Our research focuses on how somatic and stem cells integrate extracellular signals to modulate their fate
The architecture, homeostasis and function of the organs is defined at the cellular level by the integration of a myriad of molecular signals. In our lab, we study how stem cells, progenitor cells, and somatic cells integrate extracellular signals, as well as how the underlying cascades define cell fate. We focus on unravelling molecular mechanisms in signal transduction, specially in the context of Wnt signalling and mitosis, which misregulation often leads to disease, notably cancer. To address these questions, we integrate cutting edge imaging, single-cell sequencing, and genome editing techniques with detailed molecular analyses in mouse models, ex vivo cultured neural progenitor cells, intestinal organoids, embryonic stem cells, as well as other cell lineages.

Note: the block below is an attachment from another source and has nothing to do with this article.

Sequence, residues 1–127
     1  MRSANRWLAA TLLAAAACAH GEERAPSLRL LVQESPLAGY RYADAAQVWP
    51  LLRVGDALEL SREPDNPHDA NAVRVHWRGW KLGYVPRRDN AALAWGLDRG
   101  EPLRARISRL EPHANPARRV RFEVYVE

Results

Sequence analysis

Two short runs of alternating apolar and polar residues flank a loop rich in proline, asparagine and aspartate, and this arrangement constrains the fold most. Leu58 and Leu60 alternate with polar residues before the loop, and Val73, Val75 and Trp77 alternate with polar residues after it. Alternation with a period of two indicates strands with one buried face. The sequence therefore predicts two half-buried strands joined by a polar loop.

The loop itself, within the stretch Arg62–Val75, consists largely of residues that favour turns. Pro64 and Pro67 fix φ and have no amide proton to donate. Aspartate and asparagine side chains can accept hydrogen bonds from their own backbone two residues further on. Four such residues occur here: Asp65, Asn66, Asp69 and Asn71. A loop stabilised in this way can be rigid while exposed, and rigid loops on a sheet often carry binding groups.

Figure 1: We analyse cell signalling in vivo by studying mouse models (upper left); and in vitro by using cultured somatic cells (upper middle) and cell extracts (upper right). We complement our studies with ex vivo stem cell models such as intestinal organoids (lower left); embryonic stem cells (colony; lower middle), and neural progenitor cells (neurosphere; lower right).